5th November 2015
The economic recovery in the eurozone and the European Union should continue “at a modest pace next year” despite more challenging conditions in the global economy according to the EU.
Against a backdrop of declining oil prices, accommodative monetary policy and a relatively weak external value of the euro, the economic recovery this year has been resilient and widespread across member states but it has, however, remained slow, the EU said in a statement.
Overall, the EU anticipates that the eurozone GDP will grow by 1.6% in 2015, rising to 1.8% in 2016 and 1.9% in 2017.
For the EU as a whole, real GDP is expected to rise from 1.9% this year to 2.0% in 2016 and 2.1% in 2017
The organisation believes the impact of positive factors is fading, while new challenges are appearing, such as the slowdown in emerging market economies and global trade, and persisting geopolitical tensions.
It added that backed by other factors, such as better employment performance supporting real disposable income, easier credit conditions, progress in financial deleveraging and higher investment, the pace of growth is expected to resist the challenges in 2016 and 2017.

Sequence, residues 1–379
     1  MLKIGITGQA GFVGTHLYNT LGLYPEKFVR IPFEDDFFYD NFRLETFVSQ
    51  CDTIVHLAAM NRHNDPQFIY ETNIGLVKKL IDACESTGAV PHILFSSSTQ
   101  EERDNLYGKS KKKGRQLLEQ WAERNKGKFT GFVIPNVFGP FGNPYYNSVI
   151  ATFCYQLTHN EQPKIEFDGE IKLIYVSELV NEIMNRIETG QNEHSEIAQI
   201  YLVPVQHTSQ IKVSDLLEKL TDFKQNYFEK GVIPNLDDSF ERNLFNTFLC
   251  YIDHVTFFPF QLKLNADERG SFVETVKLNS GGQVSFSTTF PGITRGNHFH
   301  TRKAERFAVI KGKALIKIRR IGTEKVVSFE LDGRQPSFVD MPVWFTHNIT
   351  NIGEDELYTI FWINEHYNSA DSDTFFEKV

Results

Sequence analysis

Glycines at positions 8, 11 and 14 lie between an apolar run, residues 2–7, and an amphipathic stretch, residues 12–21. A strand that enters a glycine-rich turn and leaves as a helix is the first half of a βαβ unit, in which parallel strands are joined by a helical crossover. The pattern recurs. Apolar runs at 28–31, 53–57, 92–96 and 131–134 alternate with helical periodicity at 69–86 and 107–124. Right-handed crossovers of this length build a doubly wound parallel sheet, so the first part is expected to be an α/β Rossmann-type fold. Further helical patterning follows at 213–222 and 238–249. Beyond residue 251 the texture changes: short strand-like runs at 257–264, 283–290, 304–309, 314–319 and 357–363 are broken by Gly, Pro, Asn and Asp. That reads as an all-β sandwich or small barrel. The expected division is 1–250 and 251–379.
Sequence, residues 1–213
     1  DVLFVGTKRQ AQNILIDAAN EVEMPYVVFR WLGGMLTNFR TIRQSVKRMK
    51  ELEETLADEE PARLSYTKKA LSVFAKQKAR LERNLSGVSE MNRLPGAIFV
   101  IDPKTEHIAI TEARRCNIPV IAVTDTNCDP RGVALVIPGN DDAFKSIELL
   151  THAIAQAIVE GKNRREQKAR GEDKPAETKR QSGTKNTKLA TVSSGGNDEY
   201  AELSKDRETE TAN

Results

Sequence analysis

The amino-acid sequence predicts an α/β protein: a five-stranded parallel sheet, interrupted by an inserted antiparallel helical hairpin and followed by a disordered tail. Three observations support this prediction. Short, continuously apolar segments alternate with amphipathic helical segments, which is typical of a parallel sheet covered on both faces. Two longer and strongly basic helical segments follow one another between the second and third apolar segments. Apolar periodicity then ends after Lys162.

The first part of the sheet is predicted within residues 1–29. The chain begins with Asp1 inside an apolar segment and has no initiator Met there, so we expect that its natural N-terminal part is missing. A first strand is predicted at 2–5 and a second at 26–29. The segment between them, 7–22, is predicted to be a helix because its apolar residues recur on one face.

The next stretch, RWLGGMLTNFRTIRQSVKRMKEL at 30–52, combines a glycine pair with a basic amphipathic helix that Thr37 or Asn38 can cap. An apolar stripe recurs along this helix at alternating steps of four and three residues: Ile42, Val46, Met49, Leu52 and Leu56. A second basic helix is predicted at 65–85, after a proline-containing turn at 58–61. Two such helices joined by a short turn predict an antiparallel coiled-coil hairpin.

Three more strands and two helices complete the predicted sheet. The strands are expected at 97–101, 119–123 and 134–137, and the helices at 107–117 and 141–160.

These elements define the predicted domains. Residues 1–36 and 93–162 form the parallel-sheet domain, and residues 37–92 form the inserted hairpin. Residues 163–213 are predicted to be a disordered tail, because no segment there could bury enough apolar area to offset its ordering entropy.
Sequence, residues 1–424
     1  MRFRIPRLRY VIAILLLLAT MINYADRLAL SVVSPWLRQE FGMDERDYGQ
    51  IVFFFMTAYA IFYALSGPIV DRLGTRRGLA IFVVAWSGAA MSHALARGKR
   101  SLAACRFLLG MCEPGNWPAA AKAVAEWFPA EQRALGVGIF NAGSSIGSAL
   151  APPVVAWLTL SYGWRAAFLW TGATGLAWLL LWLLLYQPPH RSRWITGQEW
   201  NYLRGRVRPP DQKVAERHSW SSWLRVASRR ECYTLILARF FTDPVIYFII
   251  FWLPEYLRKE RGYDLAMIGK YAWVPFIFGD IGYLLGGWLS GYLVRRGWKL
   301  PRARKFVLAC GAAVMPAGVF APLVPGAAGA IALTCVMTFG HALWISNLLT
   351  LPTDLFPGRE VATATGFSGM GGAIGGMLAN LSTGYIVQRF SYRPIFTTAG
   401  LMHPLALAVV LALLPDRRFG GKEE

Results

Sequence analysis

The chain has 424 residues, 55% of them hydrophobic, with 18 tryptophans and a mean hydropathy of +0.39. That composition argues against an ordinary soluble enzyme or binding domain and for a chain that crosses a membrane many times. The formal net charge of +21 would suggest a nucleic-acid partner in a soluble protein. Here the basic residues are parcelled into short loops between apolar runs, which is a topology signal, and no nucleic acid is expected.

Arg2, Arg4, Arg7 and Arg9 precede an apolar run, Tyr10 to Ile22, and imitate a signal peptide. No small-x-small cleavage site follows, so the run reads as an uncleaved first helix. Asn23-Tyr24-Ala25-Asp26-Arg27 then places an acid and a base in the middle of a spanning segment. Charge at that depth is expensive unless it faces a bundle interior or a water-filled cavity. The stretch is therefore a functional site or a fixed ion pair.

The EU believes in some countries, the positive impact of structural reforms will also contribute to supporting growth further.
European commissioner Pierre Moscovici said: “The European economy remains on recovery course. Looking to 2016, we see growth rising and unemployment and fiscal deficits falling. Yet the improvements are still unevenly spread: particularly in the euro area, convergence is not happening fast enough.
“Major challenges remain: insufficient investment, economic structures that hold back jobs and growth, and persistently high levels of private and public debt. These require bold and determined policy responses in 2016, especially in the face of an uncertain global outlook.”